Jackson Katz’s insightful statement pointing out that the way our language about sexual violence practically ignores the existence of predators is also making the social media rounds again. By the way, his powerful TED Talk about violence against women being a men’s issue is definitely worth watching.

Awareness of this issue is so important and is a topic Christians should be addressing regularly because so many women and men in our churches have been affected by it. Jesus was an excellent model of respect for women. In The Gentle Savior Bible study, I pointed out in Chapter 10 that

(Read More)

Book Review: Love Big, Be Well

October 2, 2017
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Hi Friends! I don’t usually post book reviews, but this is special because I am so proud of my dear friend and former pastor Winn Collier for this beautifully written volume:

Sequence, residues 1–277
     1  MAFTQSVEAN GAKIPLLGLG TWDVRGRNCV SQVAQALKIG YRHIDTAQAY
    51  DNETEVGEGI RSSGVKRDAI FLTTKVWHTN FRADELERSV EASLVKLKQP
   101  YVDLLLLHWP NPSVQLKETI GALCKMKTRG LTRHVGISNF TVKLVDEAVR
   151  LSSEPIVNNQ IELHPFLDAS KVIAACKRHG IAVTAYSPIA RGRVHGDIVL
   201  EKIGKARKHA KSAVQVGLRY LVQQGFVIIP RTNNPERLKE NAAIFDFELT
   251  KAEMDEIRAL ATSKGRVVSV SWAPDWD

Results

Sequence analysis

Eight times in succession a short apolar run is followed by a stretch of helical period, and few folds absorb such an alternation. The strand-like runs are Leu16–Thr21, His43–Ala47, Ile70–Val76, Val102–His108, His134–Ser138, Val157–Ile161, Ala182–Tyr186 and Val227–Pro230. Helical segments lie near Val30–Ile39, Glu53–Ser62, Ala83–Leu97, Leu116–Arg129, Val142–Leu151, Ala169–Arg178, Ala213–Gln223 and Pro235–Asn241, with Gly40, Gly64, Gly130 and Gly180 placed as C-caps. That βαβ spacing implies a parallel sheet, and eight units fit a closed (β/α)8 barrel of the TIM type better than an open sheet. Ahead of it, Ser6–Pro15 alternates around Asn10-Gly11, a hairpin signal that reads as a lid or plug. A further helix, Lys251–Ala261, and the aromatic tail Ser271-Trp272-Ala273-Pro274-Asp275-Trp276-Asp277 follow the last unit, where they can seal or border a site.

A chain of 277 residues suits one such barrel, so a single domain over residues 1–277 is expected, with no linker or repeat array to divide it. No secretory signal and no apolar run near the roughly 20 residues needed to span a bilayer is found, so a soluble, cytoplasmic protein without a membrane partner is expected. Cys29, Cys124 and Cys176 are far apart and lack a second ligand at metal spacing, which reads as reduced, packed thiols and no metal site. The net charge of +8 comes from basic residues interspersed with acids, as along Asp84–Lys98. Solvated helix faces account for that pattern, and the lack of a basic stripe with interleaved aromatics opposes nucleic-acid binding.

Love Big, Be Well: Letters to a Small-Town ChurchLove Big, Be Well: Letters to a Small-Town Church by Winn Collier
My rating: 5 of 5 stars

Reading Love Big, Be Well by Winn Collier made my heart happy, and I highly recommend it to readers who are hungry for a break from big church clichés and over-promising certainties.

The book’s premise is that a pastor returns to the ministry after some time away working a secular job and accepts a position with a small town congregation, the fictional Granby Presbyterian Church. The book is a series of occasional letters from Pastor Jonas to his flock over the course of six years as he gets to know them, grows to love them deeply, and walks through life with them. He shares his thoughts about God, his experiences with God, and how his beloved faith community can rest in God’s love. (Read More)

Never Stop Asking the Questions

September 11, 2017
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While we were still reeling from the disturbingly open displays of racism in my beloved Charlottesville, hurricane season swept in like a vengeance with Harvey and Irma. Wildfires are ravaging exquisitely beautiful forests out West. Earthquakes rocked cities in Mexico.